I’ve spoken to several people who were in attendance throughout, if not the entirety, most of the days that the Commission took evidence and they say that it was if Sgt McCabe was on trial. He said as much when he was under cross examination on several occasions and a serving member of the Gardai – that I’ve spoken to – who was present at several days of proceedings has told me:

‘They tried to blame Maurice for everything and it was bullshit.’

The ‘they’ in this case is the Garda HQ, and what that member of the force was referring to was either individual Gardaí or An Garda Siochana corporately claiming that Sgt McCabe was actually the person at fault in each of the cases that he blew the malpractice whistle on. When of course the judge found out that he wasn’t blamed at all.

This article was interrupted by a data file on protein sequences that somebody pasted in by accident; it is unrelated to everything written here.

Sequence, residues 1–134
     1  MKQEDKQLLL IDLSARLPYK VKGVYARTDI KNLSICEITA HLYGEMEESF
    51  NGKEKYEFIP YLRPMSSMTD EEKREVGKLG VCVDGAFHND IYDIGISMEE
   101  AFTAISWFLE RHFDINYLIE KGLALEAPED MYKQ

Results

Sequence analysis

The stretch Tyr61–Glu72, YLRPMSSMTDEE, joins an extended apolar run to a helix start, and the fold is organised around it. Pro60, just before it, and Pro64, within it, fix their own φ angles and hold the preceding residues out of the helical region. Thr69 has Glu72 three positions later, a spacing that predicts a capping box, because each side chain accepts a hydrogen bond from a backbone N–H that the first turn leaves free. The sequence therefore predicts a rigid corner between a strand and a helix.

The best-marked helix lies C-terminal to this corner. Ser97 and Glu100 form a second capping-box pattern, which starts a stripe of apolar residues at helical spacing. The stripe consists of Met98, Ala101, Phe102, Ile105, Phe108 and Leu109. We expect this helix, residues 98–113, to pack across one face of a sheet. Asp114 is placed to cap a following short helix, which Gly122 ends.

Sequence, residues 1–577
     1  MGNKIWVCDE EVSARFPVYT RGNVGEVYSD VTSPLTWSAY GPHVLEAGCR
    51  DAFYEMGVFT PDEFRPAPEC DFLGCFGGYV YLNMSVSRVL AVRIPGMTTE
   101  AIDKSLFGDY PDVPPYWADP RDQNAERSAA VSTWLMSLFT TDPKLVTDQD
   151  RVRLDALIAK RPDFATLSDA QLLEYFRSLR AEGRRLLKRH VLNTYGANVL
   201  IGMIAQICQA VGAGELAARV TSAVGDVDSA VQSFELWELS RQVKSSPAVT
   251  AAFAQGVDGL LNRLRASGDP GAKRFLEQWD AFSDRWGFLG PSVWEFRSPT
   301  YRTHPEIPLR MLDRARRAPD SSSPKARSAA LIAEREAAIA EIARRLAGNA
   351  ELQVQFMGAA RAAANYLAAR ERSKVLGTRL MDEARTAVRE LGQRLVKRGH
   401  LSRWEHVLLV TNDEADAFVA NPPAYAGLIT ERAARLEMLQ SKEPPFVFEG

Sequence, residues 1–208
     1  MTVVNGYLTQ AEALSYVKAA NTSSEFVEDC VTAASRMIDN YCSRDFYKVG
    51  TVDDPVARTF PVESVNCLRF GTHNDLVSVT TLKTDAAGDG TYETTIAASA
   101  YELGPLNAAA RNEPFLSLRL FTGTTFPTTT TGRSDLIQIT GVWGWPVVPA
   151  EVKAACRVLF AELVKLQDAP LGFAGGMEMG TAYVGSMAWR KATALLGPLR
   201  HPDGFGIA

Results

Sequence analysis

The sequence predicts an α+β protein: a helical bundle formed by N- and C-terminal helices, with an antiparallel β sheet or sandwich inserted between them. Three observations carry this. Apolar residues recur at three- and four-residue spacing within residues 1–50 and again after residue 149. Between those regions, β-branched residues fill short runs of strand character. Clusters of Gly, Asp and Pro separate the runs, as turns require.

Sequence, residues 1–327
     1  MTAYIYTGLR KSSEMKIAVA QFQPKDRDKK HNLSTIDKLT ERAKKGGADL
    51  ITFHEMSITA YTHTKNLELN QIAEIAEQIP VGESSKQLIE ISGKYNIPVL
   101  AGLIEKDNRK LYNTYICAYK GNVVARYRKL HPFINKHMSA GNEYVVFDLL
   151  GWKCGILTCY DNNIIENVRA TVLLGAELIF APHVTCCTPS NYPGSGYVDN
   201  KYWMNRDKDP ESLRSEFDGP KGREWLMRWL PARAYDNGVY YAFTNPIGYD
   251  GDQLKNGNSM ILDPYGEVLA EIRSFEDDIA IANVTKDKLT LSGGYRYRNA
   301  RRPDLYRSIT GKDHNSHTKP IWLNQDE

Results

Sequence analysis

You’re not going to find much reference to this in the completed report. Much of the process, the business of the commission revolved around Maurice McCabe having to prove that he wasn’t guilty of the very malpractices that he had highlighted in the first place by bringing them to the attention of the Confidential Recipient [Oliver Connolly] and to [Fianna Fáil leader] Micheál Martin.

In one case, to give example, he was accused by gardai of having given an instruction that was central to one of the cases of malpractice but, after scrutinising his diary from many, many years earlier, McCabe was actually able to offer the watertight alibi that he wasn’t on duty that particular day that he was accused of having done something because he was actually present at the birth of one of his children.